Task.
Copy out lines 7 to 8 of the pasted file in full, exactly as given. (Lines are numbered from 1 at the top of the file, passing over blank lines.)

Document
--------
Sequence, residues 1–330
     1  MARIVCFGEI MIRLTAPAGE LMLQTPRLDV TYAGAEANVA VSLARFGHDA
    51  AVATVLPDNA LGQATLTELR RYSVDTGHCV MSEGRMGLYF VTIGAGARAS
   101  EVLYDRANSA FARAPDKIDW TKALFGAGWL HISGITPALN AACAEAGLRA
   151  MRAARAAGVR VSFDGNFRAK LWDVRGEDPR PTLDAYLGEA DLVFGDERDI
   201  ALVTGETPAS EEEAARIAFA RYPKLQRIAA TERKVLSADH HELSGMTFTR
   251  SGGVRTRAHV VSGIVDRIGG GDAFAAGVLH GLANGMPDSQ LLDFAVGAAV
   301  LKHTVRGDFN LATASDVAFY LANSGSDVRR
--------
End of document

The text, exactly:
   251  SGGVRTRAHV VSGIVDRIGG GDAFAAGVLH GLANGMPDSQ LLDFAVGAAV
   301  LKHTVRGDFN LATASDVAFY LANSGSDVRR